• Tennessee Grocer, Plantation Owner Frank Set Off Cotton Pickers Strike Of 1891 -- With Good Intentions

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    3 1/4 x 4 1/4 advertising card for J.F. FRANK & CO., grocer and cotton plantation owner in Memphis, Tennessee, offering his services “General Commission Merchants and Plantation Supplies.” Frank also imported champagne, wine, brandies and cigars.  Frank’s business was located on Front Street, not far from the location of today’s Cotton Museum.  Frank was obviously a man of integrity who wanted to pay cotton pickers a fair wage, a situation that apparently backfired and resulted in The Cotton Pickers Strike of 1891, which led to the deaths or imprisonment of nearly two dozen African Americans, including Frank’s plantation manager.


    The strike was an ill-conceived attempt by a group of African American sharecroppers in Lee County, Tennessee, to increase wages they received from local planters for picking cotton. By the time a white mob put down the strike, nearly two dozen African Americans and one white man had been killed.  Memphis grocer and cotton factor J.F. Frank appears to have set off the strike during a discussion with his plantation manager, Tom Miller. Miller complained that his pickers were working too slowly. Frank proposed that Miller increase workers’ wages.  Miller informed Frank that all local plantation owners had agreed that none of them would pay more than 50 cents per hundred pounds of cotton picked.  Frank told Miller that he was willing to raise wages as high as $1 per hundred pounds if that is what it took to get the job done. When eavesdropping workers reported this statement to others, they agreed to strike as there was obviously some dissension within their planter ranks.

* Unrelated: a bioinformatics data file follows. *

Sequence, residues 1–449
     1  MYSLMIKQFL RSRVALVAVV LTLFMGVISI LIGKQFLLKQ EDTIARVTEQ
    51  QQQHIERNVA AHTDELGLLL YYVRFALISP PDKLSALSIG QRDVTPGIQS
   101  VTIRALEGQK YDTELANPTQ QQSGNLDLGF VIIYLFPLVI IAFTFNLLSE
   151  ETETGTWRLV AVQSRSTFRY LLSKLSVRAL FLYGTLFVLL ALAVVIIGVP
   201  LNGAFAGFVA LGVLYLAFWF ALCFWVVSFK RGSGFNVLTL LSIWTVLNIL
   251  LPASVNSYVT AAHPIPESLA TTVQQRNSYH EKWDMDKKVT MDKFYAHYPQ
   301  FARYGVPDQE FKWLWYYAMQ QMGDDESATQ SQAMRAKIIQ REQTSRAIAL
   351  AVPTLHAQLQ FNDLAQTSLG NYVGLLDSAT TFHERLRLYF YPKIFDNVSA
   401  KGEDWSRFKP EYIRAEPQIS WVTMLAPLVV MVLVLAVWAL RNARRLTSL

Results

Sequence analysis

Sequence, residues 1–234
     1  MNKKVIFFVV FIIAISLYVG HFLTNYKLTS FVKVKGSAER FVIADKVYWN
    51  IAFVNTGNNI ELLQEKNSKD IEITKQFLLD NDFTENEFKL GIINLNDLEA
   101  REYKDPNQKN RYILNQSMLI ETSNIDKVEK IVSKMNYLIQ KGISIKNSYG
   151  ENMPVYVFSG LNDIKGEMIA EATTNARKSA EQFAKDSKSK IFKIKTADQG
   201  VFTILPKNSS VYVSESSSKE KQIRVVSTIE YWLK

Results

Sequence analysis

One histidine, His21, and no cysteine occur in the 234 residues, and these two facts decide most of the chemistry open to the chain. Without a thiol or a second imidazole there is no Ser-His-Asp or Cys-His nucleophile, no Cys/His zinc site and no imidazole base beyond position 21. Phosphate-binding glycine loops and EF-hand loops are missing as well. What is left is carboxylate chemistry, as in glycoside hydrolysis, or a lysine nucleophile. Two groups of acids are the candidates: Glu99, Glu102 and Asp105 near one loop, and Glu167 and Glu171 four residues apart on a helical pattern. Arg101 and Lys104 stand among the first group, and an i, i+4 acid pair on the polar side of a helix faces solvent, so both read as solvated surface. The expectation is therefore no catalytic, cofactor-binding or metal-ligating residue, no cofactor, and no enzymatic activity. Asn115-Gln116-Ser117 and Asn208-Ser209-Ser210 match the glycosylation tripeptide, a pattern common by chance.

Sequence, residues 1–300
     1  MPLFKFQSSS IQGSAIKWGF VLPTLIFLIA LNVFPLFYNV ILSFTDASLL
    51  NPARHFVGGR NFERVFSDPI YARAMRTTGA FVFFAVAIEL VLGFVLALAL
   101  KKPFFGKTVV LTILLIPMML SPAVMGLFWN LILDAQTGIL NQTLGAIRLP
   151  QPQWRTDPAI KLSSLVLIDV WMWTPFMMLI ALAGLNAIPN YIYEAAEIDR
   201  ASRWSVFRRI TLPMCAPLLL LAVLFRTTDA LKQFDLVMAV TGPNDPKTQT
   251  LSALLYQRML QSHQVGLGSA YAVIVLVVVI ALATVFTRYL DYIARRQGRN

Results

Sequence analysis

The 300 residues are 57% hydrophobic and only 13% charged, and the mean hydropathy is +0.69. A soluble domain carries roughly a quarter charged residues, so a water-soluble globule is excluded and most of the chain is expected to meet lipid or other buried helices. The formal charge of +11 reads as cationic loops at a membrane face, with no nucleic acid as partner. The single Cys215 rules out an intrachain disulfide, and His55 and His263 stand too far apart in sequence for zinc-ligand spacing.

Frank received an ominous letter warning that “50 cents is the price and we are not going to pay any more, neither are we going to permit any more to be paid in this neighborhood.”  On a nearby plantation, the owner fired workers and banished them from his plantation.  Many white planters expressed concern that their crop would rot. The local sheriff organized a posse to break the strike.  Violence broke out between strikers and non-strikers. Frank’s plantation manager was killed. A group burned down a cotton gin. 


    Strikers were on the run and many fled to Cat Island, located on the Mississippi River. The white posse stormed the island, killed two strikers and capturing nine. The captured were seized by masked men and were transported to Lee County, TN, and subsequently hanged.  By the time the mob had finished suppressing the strike, it had killed 15 African Americans and imprisoned another six. The Cotton Pickers Strike of 1891 in some respects served as a precursor to the Elaine Massacre of 1919, revealing how far white landowners and authorities were willing to go to keep black laborers in subservience and poverty to protect their profits.


    Expected toning to the advertising card, but a fine example of a cotton plantation and the infamous Cotton Pickers Strike of 1891.

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